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The Durer works have proved popular with art thieves over the centuries. An early Albertina director pilfered about 200 works between 1809 and 1814 that wound up in museums throughout the world. More than a century later, a group of art historians, curators and museum directors went behind enemy lines during World War II on a U.S. mission to rescue some of the works that were hoarded by the Nazis. (George Clooney is adapting the story in a feature film called “The Monuments Men” now shooting in Germany.)
The exhibit is spread across six galleries in the National Gallery’s east building and follows a chronological progression. It traces influences from Durer’s travels in Italy, including the dramatic contrasts in light and dark and his drawings on blue Venetian paper that show a powerful three-dimensionality.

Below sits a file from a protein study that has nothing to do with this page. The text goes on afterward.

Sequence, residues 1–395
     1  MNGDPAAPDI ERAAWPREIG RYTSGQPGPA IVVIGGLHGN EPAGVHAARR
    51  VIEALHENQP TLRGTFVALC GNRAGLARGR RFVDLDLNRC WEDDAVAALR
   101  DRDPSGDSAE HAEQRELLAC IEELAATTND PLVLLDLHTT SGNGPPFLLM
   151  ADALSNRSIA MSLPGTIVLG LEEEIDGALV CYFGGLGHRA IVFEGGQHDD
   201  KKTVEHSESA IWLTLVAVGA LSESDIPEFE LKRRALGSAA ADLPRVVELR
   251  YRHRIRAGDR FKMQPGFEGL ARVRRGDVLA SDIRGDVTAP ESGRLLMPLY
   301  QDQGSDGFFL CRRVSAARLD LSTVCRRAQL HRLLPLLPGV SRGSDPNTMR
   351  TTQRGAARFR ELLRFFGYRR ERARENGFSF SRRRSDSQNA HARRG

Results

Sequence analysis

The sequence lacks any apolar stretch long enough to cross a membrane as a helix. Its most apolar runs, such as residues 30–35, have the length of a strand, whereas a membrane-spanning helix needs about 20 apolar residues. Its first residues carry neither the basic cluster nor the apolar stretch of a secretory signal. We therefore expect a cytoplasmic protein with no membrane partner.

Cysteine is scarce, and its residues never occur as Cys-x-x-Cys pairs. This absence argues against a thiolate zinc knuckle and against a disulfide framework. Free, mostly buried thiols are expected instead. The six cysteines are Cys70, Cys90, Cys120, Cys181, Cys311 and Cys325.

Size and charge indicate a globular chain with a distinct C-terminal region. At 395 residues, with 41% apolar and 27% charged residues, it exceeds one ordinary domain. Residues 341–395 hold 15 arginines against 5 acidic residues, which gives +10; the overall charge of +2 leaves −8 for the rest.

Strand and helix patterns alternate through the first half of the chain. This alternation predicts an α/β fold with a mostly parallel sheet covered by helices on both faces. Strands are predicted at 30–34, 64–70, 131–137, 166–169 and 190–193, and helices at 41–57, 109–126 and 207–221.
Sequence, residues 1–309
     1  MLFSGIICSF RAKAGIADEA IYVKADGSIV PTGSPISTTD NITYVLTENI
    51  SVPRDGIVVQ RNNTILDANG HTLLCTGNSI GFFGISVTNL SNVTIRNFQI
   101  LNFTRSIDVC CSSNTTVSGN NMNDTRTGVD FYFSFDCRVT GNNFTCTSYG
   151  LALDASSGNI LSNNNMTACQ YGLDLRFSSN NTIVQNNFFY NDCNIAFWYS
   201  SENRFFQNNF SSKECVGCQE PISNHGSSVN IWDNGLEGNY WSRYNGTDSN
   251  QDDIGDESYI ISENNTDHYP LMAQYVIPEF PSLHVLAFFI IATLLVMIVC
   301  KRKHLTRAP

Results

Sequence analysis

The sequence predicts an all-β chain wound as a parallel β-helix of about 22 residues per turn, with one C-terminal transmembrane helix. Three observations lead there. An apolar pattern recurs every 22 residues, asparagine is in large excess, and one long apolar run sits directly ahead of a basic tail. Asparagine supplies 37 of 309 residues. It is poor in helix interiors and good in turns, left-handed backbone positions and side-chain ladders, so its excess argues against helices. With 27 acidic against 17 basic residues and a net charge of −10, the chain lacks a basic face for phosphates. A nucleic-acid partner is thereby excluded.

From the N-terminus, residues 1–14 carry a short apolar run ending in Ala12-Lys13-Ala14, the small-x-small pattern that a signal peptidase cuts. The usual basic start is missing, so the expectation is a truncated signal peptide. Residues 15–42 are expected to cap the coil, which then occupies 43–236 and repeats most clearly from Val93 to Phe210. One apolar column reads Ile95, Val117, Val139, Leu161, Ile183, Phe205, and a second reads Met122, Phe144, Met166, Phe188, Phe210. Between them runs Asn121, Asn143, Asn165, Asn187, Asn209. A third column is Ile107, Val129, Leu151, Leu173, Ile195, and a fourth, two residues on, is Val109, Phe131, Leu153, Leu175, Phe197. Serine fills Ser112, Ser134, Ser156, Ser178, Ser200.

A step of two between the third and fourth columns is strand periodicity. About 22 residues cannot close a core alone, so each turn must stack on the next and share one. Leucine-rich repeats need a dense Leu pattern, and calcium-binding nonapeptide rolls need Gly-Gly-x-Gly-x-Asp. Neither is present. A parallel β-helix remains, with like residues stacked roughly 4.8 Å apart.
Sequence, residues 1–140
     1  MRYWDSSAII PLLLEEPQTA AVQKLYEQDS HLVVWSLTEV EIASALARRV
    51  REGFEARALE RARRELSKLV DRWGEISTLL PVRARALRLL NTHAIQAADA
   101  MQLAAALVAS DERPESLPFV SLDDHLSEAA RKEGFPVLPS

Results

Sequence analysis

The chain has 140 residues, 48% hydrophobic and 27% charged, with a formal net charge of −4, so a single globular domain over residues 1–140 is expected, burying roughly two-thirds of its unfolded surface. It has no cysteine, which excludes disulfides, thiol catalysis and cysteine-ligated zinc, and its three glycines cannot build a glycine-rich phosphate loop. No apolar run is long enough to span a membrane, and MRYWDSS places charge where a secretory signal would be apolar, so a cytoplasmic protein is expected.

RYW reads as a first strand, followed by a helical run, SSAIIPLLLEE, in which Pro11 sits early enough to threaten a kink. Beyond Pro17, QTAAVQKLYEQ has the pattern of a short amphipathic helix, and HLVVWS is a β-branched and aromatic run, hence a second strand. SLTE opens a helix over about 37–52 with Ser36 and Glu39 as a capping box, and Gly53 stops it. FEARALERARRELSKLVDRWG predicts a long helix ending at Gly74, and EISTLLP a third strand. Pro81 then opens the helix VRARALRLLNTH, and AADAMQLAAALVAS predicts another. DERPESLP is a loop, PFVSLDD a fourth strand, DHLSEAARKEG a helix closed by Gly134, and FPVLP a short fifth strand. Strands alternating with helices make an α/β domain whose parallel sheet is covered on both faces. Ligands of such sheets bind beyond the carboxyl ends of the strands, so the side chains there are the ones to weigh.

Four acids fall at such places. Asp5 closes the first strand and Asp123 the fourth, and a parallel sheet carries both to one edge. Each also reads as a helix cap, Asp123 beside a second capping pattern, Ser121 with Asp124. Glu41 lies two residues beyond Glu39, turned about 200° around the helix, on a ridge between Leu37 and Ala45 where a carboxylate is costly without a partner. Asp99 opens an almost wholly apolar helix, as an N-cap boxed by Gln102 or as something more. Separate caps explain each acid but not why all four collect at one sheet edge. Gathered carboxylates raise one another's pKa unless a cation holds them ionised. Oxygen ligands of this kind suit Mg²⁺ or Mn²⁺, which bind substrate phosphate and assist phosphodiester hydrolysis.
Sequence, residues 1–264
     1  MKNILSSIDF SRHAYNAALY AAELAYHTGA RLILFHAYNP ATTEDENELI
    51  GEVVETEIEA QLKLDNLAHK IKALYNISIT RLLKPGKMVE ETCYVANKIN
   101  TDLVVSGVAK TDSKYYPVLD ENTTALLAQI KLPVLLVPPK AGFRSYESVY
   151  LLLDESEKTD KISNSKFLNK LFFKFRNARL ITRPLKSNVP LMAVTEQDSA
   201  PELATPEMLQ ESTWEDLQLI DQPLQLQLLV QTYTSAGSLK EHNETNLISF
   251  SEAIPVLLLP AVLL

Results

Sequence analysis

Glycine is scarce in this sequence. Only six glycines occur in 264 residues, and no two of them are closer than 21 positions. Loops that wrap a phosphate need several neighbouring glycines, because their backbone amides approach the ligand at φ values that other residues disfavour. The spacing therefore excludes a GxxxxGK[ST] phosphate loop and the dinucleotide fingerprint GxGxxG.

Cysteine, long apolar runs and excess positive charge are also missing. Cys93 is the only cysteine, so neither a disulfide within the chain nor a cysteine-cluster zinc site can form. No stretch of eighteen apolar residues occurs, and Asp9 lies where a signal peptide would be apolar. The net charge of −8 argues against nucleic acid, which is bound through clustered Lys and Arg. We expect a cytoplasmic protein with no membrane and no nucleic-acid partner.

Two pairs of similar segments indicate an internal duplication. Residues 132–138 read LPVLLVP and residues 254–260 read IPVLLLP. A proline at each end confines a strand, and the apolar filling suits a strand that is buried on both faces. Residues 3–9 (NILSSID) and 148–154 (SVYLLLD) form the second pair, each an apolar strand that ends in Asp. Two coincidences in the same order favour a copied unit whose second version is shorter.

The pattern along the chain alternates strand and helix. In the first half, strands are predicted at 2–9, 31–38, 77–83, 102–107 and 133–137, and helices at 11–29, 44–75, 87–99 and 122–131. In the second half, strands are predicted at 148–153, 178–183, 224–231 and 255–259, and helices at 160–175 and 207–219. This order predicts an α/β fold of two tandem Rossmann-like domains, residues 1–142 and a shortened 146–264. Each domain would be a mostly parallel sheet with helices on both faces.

Along with master engravings and detailed nature scenes are more intimate works, including a tender pen-and-ink sketch of Durer’s future wife, Agnes, a portrait of a 93-year-old man Durer met in the Netherlands and another portrait of the aging Agnes in the role of the Virgin Mary’s mother, St. Anne.
Museum curators say it took 10 years to organize the exhibit as a fresh look at Durer’s drawing and attend to the logistics of bringing so many masterworks overseas at once. Robison, who calls Durer the German counterpart to da Vinci, said the show touches on almost every aspect of his career. “They are his greatest works, and they are right here,” he said.